So what happened to Chicago's Murder and Violent Crime rates after the Supreme Court decision in June 2010 striking down Chicago's gun laws?
This data is available here. Since murder and other crime rates vary over the course of the year, it is important to compare the same months in 2010 and 2011. Data for other months is available here. I had some discussion on the data for the last half of last year here.
A discussion on what happened in DC after the Heller decision is available here (also here).
District of Columbia Mayor Adrian Fenty had his own prediction: "More handguns in the District of Columbia will only lead to more handgun violence."
Chicago's Mayor Richard Daley predicted disaster. He said that overturning the gun ban was "a very frightening decision" and predicted more deaths along with Wild West-style shootouts and that people "are going to take a gun and they are going to end their lives in a family dispute." . . .
Crime was a central concern among the dissenters in the Heller case.
If a resident has a handgun in the home that he can use for self- defense, then he has a handgun in the home that he can use to commit suicide or engage in acts of domestic violence. If it is indeed the case, as the District believes, that the number of guns contributes to the number of gun- related crimes, accidents, and deaths, then, although there may be less restrictive, less effective substitutes for an outright ban, there is no less restrictive equivalent of an outright ban. . . . In my view, there simply is no untouchable constitutional right guaranteed by the Second Amendment to keep loaded handguns in the house in crime-ridden urban areas.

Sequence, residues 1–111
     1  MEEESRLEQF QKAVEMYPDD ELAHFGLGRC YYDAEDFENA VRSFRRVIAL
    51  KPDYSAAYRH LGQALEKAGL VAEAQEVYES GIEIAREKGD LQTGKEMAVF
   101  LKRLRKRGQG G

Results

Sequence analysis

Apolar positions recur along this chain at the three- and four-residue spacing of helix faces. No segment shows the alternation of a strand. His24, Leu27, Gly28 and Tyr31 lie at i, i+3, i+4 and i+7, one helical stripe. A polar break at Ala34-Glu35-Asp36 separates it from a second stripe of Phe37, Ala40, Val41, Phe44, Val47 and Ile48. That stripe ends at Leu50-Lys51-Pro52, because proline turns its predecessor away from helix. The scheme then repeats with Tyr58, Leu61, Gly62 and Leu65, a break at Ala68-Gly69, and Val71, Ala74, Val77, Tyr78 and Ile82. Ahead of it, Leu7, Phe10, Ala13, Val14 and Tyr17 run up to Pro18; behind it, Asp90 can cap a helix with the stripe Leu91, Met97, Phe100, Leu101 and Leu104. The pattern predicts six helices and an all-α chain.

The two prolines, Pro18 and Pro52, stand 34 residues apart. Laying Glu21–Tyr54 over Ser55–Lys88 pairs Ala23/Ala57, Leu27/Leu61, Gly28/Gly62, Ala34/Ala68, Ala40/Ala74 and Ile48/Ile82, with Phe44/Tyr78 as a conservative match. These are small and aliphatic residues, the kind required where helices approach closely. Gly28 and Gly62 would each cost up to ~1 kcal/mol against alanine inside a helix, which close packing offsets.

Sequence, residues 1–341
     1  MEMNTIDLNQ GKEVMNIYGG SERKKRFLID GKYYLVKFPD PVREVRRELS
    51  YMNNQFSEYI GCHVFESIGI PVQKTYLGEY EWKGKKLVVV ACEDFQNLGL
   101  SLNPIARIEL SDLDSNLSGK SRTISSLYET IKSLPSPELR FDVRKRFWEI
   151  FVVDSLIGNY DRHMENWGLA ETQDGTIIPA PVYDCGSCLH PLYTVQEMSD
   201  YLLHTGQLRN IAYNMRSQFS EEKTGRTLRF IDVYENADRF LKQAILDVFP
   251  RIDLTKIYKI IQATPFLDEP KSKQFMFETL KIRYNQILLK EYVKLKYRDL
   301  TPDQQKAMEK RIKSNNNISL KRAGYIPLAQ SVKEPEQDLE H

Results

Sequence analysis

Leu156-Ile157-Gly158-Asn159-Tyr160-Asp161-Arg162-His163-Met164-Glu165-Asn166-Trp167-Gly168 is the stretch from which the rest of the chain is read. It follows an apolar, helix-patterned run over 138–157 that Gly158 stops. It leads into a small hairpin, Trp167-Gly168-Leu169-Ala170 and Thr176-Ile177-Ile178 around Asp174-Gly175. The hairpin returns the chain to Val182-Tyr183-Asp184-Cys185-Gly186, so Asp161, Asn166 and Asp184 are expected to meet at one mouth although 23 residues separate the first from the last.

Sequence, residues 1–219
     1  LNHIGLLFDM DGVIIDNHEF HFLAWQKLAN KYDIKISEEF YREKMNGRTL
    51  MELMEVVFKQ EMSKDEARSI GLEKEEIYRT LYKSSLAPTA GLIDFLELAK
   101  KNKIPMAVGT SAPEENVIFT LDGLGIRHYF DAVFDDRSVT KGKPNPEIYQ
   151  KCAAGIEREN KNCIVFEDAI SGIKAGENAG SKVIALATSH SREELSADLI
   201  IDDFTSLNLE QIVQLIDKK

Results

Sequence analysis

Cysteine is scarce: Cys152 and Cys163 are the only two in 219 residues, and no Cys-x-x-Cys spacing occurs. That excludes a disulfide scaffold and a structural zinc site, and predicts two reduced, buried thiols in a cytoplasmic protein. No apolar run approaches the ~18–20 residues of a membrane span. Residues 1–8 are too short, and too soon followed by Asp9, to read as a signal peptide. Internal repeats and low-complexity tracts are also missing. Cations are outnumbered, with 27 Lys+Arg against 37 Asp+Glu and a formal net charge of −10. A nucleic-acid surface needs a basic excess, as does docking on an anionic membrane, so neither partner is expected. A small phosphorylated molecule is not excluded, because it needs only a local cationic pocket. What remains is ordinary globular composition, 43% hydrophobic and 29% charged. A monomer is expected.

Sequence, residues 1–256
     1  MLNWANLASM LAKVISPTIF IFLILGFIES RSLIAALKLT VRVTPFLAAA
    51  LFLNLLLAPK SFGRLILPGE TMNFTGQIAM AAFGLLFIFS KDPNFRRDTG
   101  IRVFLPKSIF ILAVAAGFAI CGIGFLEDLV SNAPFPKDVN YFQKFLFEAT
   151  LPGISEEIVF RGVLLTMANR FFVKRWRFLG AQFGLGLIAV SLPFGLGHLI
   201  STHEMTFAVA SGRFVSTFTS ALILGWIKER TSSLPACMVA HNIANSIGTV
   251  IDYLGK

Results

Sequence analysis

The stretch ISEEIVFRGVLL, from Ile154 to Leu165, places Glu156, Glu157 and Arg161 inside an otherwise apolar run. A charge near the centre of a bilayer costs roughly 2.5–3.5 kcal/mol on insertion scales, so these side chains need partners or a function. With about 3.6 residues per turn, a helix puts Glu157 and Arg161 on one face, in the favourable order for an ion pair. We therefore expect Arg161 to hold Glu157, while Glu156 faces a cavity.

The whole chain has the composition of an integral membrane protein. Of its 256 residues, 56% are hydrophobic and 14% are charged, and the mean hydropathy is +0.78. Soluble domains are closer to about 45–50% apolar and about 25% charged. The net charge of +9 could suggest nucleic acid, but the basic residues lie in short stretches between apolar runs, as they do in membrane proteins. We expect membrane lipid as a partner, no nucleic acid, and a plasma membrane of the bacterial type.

—Justice Stephen Breyer, dissenting in District of Columbia v. Heller, June 26, 2008
The possible harm from guns was central to his dissent, and the words “crime,” “criminal,” “criminologist,” “homicide,” “murder,” “rape,” “robbery,” "suicide," and “victim” were used a total of 122 times in forty-four pages.
I like this justification by then Mayor Daley about his request for five round the clock armed police bodyguards for after he retires:
"The safety of my family comes first,” said Daley, who leaves office on May 16. “I’ve been mayor for 22 years, and my wife has made a commitment [to the city]. … Former mayors received security appropriately. … It’s appropriate for every former mayor. Yes, it’s always appropriate.”
A couple follow up articles on who gets handguns in Chicago http://www.chicagoreader.com/chicago/chicago-gun-registration/Content?oid=4066384">here. From Mick Dumke's article in the Chicago Reader:
John Lott, an economist who argues that gun control laws like Chicago's actually lead to higher crime, says the cost of meeting the gun application's training and registration requirements essentially discriminates against low-income black communities. In Chicago, the training and permit fees cost about $250 on top of the price of the gun.
"Those who are most likely to be victims of crime benefit the most from owning guns, and unfortunately, that is one very well defined group in our country, poor blacks who live in high crime urban areas such as Chicago," Lott wrote in an e-mail. "But these white, middle class areas can much more easily afford the fees to register their guns and to go through the training requirements."
Roderick Sawyer, alderman of the Sixth Ward, is skeptical of that theory. "It's like buying a car," he says. "If you want one you'll find a way to do it." . . .
UPDATE: Here are the crime data for Chicago in 2011.